Less enjoyably than Father’s Day, but less unpleasantly than a birthday after 40, tax time pounces on us every year.
Love it. Loathe it. Ignore it. Your choice.
June 30 offers a series of little decisions, some of which can be short-term profitable, some are long-term profitable, while some allow you to “play God” with your tax position, as you wish.
Too many think these choices are simply avoidable. Same people whose financial future planning is: “Woo-hoo! Two more days till payday!”
They are, pardon me, idiots.
I’m not talking to those people today. Only sensible people, who understand financial opportunity. Why? Because the end of the financial year comes with “use it or lose it” deadlines.
There is always talk about “bringing forward expenses” before 30 June to get tax deductions. It is usually accompanied by advice to potentially “push back income” until after July 1.
Sometimes a crucial pointed is missed. Will you move into a higher or lower tax bracket next year? If you’re likely to earn more next financial year, then consider doing the reverse. Consider pulling forward income and pushing back expenses.
Most important today is super. June 30 is a critical use-it-or-lose-it day for your retirement savings.
Sure, most employees get the Superannuation Guarantee of 9.5 per cent without having to think about it.
But that won’t be enough for most people to retire on. This is why the government is increasing the SG to 12 per cent. But smart people want to do more with their super.
June 30 is critical for maximising super contributions and for the self-employed.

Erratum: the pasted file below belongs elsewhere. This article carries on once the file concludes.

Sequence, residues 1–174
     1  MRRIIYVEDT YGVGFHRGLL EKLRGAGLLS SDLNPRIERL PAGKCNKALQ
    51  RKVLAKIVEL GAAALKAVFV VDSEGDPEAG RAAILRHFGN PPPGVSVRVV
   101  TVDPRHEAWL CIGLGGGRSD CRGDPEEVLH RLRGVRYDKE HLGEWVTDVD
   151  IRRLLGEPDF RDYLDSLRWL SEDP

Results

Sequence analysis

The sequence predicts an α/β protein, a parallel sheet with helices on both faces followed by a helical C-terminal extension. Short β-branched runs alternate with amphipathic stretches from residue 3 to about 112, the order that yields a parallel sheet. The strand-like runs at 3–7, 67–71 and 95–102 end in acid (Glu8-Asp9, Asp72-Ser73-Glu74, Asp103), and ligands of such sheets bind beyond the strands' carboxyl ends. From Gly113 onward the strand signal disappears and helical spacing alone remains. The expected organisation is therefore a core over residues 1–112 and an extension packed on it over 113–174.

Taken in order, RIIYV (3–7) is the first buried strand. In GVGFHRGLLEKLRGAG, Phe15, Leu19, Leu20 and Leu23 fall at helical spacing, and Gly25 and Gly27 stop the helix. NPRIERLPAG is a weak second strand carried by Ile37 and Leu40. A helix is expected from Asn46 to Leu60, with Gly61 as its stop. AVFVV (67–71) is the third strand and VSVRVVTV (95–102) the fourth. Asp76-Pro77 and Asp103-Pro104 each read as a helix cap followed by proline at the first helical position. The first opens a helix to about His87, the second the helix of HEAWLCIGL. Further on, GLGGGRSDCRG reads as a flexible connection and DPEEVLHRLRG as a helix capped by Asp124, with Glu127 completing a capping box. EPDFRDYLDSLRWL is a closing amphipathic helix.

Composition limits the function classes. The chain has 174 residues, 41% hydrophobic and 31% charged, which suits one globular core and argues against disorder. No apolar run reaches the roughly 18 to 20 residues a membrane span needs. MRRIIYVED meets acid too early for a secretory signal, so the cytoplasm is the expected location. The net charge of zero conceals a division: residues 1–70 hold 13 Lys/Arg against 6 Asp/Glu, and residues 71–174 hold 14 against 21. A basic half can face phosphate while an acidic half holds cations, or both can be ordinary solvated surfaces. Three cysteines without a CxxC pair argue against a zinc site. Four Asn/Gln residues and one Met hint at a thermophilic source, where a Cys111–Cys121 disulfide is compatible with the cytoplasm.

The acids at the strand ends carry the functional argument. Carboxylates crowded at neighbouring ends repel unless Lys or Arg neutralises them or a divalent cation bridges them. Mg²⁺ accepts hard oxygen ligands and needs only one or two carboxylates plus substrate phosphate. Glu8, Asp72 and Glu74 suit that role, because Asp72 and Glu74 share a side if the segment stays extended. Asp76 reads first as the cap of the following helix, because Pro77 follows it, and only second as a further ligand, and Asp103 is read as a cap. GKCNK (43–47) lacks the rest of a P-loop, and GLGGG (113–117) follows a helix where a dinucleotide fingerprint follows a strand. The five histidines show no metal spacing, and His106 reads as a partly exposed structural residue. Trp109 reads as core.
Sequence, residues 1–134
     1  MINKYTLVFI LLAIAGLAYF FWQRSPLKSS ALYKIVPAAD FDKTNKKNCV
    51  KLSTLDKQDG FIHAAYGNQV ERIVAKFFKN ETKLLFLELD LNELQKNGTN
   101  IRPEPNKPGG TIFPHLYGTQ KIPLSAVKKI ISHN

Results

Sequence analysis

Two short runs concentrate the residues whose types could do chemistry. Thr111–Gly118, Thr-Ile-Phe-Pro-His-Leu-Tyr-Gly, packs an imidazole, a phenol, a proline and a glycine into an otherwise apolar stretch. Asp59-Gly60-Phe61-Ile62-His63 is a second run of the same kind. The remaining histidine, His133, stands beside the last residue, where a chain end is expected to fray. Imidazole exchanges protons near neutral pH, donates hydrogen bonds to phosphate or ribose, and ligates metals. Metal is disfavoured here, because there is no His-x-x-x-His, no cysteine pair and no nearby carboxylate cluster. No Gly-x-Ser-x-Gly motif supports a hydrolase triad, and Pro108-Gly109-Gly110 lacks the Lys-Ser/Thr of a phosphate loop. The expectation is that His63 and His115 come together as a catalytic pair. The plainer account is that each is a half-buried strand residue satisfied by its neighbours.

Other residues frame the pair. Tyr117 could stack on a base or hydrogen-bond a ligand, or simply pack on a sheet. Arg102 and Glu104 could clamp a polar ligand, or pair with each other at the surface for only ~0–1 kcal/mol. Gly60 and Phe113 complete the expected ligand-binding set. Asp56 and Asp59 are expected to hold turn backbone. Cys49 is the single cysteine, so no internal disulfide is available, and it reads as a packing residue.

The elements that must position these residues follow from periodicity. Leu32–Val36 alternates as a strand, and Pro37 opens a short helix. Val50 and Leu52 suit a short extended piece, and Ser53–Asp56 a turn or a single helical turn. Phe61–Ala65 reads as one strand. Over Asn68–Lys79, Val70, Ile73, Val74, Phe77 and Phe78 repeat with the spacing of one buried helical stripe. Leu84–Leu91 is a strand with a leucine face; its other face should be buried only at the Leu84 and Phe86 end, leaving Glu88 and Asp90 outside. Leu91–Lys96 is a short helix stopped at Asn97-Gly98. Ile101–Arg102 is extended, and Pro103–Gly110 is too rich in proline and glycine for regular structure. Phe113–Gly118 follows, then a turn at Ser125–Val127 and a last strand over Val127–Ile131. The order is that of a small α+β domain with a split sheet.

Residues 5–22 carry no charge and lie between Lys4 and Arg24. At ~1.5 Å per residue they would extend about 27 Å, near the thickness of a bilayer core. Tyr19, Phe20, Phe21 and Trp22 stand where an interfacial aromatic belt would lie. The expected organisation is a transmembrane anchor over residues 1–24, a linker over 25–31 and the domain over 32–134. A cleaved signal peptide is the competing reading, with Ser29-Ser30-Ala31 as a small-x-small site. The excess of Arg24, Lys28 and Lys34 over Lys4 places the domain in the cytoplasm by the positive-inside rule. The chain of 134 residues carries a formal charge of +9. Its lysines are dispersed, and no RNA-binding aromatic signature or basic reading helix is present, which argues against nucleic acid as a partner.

Salary sacrificing can allow you to get more money into super, tax effectively. You forego income now to put it into super, usually at a lower tax rate.
If you’re earning $120,000 a year, your marginal tax rate is 39 per cent. You could either take $10,000 of salary and receive $6100 after tax, or you put it into super instead and have $8500 go into your fund. That’s an extra $2400 that you haven’t paid in tax, that’s now working for your retirement.
The savings partly depend on your marginal tax rate. For those between $37,000 and $80,000, the deal is nearly as good. Take the $10,000 as income and receive $6550 in the hand, or $8500 into your super fund. An extra $1950 helping make your retirement a better place.
The problem is that we’re mid-June and salary sacrifice can only be for income not yet earned. Check with your pay office. It might be too late to do it this year, unless you can sign something for them today. If you’ve got a savings buffer and can forgo a few weeks of income, consider it.
If you can’t, then get set up now for next financial year. Even a small, ongoing, contribution to super will have a big impact down the road, with super’s low tax rates.
Hmm, super for the self-employed. They don’t have to contribute. If it hasn’t been a stellar year, the temptation can be to not make a super contribution (even if they know they should).
Do it! If you’ve earned more than $37,000 for the year, do it. Save some tax. If you’ve earned less than $37,000, do it anyway and you’ll get a portion of your super tax rebated (known as the Low-Income Super Contribution).
There are other good super deductions to consider at this time of year also, including the government co-contribution and a tax offset for contributions to low-income spouse’s accounts.
The government co-contribution has been neutered in recent years. It’s now a maximum of $500 for those earning up to $34,488, phasing out at an income of $49,488. To qualify, make an after-tax contribution of up to $1000.
There’s also a tax offset of up to $540 (18 per cent) of an amount of up to $3000 contributed to a super account for a spouse earning up to $10,800. It cuts out between there and $13,800.
Don’t forget, when making super contributions, that there are essentially two categories and both come with limits. Concessional contributions haven’t been taxed before entering super and they come with limits of $30,000 for the under 50s and $35,000 for the over 50s.
Then there are the “non-concessional contributions” for after-tax money, for which the limit is $180,000 a year, which have a whole other set of rules. A topic for another day – speak to your adviser.